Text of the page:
United States Nuclear Regulatory Commission - Protecting People and the Environment

Information Notice No. 93-96: Improper Reset Causes Emergency Diesel Generator Failures

                                 UNITED STATES
                         NUCLEAR REGULATORY COMMISSION
                            WASHINGTON, D.C. 20555

                               December 14, 1993

                               GENERATOR FAILURES


All holders of operating licenses or construction permits for nuclear power


The U.S. Nuclear Regulatory Commission (NRC) is issuing this information
notice to alert addressees to the potential for an emergency diesel generator
(EDG) to fail to start on demand or to trip during operation due to improper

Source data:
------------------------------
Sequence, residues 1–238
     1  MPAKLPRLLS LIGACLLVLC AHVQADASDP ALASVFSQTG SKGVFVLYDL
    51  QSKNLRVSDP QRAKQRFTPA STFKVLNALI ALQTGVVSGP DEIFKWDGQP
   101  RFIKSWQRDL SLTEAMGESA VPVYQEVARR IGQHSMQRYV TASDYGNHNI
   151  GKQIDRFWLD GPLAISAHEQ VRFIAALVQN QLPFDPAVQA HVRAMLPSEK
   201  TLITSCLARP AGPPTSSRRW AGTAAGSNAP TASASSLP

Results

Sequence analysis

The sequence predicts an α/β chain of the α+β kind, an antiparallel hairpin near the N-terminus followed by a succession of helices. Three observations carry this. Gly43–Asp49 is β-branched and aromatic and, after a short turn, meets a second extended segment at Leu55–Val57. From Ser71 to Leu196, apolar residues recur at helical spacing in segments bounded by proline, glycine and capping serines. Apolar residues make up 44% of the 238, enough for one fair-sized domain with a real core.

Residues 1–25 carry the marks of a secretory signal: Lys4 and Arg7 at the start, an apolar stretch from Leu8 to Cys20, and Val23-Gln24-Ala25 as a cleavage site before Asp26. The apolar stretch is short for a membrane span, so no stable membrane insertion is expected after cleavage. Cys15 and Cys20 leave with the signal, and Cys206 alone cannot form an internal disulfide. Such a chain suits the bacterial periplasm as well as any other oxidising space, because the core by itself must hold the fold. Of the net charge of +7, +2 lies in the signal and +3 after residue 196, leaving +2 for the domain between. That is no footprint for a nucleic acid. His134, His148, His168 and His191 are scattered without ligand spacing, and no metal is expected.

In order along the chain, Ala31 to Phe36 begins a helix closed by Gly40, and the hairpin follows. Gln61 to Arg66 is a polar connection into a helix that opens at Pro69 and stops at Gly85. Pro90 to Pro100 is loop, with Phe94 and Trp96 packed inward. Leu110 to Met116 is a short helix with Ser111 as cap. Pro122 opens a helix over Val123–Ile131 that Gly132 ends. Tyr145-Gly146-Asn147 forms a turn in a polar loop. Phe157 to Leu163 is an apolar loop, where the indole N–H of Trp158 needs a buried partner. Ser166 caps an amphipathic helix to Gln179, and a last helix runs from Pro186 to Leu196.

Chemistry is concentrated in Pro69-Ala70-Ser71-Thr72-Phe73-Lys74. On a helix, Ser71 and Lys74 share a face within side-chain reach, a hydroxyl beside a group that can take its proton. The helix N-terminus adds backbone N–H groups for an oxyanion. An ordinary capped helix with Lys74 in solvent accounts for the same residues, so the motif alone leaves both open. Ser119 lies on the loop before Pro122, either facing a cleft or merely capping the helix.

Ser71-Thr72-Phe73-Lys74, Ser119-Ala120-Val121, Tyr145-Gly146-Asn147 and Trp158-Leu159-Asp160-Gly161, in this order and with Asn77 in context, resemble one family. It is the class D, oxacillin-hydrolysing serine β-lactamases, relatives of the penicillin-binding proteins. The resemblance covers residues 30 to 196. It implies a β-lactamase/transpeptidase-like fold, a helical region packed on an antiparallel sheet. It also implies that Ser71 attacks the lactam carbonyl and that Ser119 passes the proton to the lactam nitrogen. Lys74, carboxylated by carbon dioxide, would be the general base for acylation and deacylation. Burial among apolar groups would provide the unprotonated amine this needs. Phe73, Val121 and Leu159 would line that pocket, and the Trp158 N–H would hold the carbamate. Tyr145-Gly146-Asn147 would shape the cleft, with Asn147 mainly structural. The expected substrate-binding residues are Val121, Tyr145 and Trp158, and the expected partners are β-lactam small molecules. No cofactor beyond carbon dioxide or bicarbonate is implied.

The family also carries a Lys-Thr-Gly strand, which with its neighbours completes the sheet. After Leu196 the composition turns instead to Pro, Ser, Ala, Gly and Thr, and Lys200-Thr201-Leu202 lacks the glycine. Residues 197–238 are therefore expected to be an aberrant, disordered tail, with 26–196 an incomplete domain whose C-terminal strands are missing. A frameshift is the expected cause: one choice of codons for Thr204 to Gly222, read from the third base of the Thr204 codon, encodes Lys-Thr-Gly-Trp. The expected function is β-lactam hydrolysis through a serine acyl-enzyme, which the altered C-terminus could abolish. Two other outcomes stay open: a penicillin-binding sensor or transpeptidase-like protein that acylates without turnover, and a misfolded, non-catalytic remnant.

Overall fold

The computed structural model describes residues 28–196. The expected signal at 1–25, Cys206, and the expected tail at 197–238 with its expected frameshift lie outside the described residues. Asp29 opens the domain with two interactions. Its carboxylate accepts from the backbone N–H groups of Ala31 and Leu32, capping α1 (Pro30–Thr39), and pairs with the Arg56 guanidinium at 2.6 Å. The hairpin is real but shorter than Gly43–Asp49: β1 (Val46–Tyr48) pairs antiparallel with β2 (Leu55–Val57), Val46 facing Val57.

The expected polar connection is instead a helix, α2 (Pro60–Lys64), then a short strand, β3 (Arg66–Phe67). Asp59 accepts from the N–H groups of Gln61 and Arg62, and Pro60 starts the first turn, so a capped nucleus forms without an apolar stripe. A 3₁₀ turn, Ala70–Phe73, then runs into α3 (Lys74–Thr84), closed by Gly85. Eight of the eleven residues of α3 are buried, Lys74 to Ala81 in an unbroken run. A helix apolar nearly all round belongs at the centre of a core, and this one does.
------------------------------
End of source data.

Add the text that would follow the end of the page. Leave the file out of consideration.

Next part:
execution of the reset operation at the conclusion of the previous run.  It is
expected that recipients will review the information for applicability to
their facilities and consider actions as appropriate to avoid similar
problems.  However, suggestions contained in this information notice are not
NRC requirements; therefore, no specific action or written response is

Description of Circumstances

H.B. Robinson

In August of 1987 at the H.B. Robinson plant, startup trips occurred on the
"A" EDG.  With the assistance of a vendor representative, several steps were
taken in an effort to preclude such trips, including replacement of the
governor, replacement of the governor oil, replacement of sticky fuel
injection pumps, checking of injection pump timing, and rebalancing fuel rack
settings.  In February of 1988, startup trips were again experienced.  It was